Bridesmaids

A discussion of the lore and superstitions surrounding bridesmaids.

Superstition:   The lore and customs surrounding bridesmaids.

Origins:   Originally, bridesmaids and groomsmen were charged not only with helping prepare the about-to-be-married for their momentous day, but also protecting them from those trying to snatch the bride or avenge her honor. Modern times have seen a drop off in the protective aspect of the job, but few who have served as maid of honor at a

Ready for wed

recent wedding wouldn’t in retrospect happily trade having to brandish a sword for her current onerous duties.

Most bridesmaid superstitions seem centered on the question of her matrimonial prospects. One who trips on her way up the aisle is said to be fated to remain a spinster. However, if a bridesmaid catches the thrown bouquet, or finds the first pin on the bride while preparing her for bed, she will be the next to wed.

Three times a bridesmaid, says superstition, and a girl will never be wed. She can break this charm, however, if she goes on to serve in such a capacity seven times.

Matrons of honor (married bridesmaids, in other words) are deemed especially lucky for the bride because they represent the benefits of married life. (They are also less likely to end up in bed with the groom, but that’s another urban legend.)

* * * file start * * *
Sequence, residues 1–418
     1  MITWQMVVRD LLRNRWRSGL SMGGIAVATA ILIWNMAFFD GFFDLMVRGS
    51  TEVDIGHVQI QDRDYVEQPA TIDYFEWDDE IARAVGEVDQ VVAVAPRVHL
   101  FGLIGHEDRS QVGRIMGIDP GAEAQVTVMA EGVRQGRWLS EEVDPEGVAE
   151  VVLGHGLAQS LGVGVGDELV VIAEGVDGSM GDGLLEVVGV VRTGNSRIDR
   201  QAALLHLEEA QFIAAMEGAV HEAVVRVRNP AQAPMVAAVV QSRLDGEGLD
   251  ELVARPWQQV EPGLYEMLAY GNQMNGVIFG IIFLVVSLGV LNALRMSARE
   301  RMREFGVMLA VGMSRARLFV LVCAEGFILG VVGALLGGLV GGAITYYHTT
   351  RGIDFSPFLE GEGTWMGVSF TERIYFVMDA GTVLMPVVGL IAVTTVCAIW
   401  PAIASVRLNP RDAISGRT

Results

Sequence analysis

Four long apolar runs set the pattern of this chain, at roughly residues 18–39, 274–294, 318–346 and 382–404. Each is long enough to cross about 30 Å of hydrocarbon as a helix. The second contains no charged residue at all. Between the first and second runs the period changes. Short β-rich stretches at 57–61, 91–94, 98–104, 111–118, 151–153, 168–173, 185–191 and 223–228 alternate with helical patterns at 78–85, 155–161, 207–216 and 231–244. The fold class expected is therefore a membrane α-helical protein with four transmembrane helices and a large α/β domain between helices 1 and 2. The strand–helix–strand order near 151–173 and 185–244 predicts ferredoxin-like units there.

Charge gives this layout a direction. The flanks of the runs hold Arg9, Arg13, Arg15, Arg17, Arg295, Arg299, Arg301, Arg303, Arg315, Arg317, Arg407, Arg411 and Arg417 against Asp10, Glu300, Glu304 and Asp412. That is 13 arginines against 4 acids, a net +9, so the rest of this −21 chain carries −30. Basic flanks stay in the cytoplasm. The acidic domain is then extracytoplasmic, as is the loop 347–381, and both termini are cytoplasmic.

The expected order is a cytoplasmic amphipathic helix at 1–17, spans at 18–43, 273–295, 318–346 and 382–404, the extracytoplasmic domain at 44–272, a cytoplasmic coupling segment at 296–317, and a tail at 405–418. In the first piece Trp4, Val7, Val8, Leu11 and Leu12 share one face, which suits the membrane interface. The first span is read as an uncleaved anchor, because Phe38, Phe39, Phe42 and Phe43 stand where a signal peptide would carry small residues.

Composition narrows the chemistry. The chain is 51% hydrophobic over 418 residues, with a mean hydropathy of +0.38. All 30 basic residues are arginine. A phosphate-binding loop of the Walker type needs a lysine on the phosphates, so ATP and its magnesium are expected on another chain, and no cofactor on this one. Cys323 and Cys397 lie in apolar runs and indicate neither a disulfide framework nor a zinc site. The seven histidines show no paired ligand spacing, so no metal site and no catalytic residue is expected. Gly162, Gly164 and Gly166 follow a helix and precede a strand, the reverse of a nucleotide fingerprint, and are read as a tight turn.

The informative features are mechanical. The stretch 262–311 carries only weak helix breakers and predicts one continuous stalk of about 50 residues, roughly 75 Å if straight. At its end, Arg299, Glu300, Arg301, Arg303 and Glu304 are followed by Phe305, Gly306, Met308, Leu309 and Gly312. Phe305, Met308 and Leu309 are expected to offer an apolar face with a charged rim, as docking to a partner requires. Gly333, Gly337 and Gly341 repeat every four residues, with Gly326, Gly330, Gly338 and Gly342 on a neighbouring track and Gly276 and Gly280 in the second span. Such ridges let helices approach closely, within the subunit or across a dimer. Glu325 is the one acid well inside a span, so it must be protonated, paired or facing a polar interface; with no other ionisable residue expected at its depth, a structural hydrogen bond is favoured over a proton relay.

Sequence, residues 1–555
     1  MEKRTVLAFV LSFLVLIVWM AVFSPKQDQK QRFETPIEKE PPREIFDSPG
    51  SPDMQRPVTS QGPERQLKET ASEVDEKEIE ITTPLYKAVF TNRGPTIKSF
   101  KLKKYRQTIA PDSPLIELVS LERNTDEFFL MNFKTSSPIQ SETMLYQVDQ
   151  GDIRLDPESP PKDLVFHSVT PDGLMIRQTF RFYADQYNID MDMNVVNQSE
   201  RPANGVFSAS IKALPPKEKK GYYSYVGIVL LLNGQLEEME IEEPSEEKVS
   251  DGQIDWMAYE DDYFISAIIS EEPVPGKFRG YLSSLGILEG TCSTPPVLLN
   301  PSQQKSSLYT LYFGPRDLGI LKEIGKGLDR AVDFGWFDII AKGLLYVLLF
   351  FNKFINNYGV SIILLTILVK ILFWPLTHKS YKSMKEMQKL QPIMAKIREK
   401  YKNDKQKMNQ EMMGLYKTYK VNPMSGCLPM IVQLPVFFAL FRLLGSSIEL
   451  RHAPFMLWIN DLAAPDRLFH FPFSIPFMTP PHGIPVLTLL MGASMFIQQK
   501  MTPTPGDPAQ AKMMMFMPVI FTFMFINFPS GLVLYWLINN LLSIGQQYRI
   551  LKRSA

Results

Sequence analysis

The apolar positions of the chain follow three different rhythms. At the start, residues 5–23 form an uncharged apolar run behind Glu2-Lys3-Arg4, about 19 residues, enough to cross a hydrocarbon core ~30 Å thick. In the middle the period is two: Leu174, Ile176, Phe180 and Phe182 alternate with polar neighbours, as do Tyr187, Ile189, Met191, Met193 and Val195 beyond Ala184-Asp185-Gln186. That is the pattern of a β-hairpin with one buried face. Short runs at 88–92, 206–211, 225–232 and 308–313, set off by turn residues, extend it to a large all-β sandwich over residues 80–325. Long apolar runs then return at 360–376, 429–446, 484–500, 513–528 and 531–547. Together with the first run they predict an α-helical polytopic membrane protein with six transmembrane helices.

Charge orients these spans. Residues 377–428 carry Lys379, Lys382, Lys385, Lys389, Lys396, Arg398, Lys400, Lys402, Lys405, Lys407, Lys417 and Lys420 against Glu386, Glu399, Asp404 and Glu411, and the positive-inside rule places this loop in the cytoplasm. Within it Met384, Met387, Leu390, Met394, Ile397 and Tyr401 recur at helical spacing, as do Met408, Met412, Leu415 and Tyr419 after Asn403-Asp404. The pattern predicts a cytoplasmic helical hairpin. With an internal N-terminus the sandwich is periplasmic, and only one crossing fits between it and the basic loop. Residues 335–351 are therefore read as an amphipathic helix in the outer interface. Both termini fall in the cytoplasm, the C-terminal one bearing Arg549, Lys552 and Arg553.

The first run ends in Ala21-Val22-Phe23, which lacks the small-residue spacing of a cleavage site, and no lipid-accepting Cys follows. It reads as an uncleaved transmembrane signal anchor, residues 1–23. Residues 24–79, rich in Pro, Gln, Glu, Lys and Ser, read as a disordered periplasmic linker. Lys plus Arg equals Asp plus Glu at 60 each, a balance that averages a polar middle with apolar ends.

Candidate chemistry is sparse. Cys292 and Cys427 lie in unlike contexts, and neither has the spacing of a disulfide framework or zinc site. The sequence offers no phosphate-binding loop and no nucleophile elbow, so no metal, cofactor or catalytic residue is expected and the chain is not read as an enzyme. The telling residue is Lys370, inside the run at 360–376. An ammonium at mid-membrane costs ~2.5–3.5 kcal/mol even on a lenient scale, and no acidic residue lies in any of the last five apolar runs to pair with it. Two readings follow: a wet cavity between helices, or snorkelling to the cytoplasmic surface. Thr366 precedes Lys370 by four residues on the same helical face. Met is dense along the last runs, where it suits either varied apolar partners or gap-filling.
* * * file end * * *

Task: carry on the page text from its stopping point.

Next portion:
Barbara “made of honor” Mikkelson

Last updated:   27 June 2005

 



  Sources Sources:

    Hole, Christina.   The Encyclopedia of Superstitions.

    New York: Barnes & Noble, 1996.   ISBN 0-76070-228-4.

    Opie, Iona and Moira Tatem.   A Dictionary of Superstitions.

    Oxford: Oxford University Press, 1989.   ISBN 0-19-282-916-5.

    Pickering, David.   Dictionary of Superstitions.

    London: Cassell, 1995.   ISBN 0-304-345350.

    Tuleja, Tad.   Curious Customs.

    New York: Harmony Books, 1987.   ISBN 0-517-56654-0.


Snopes.com
Since 1994
A Word to Our Loyal Readers

Support Snopes and make a difference for readers everywhere.

Editorial
  • David Mikkelson
  • Doreen Marchionni
  • David Emery
  • Bond Huberman
  • Jordan Liles
  • Alex Kasprak
  • Dan Evon
  • Dan MacGuill
  • Bethania Palma
  • Liz Donaldson
Operations
  • Vinny Green
  • Ryan Miller
  • Chris Reilly
  • Chad Ort
  • Elyssa Young

Most Snopes assignments begin when readers ask us, “Is this true?” Those tips launch our fact-checkers on sprints across a vast range of political, scientific, legal, historical, and visual information. We investigate as thoroughly and quickly as possible and relay what we learn. Then another question arrives, and the race starts again.

We do this work every day at no cost to you, but it is far from free to produce, and we cannot afford to slow down. To ensure Snopes endures — and grows to serve more readers — we need a different kind of tip: We need your financial support.

Support Snopes so we continue to pursue the facts — for you and anyone searching for answers.

Team Snopes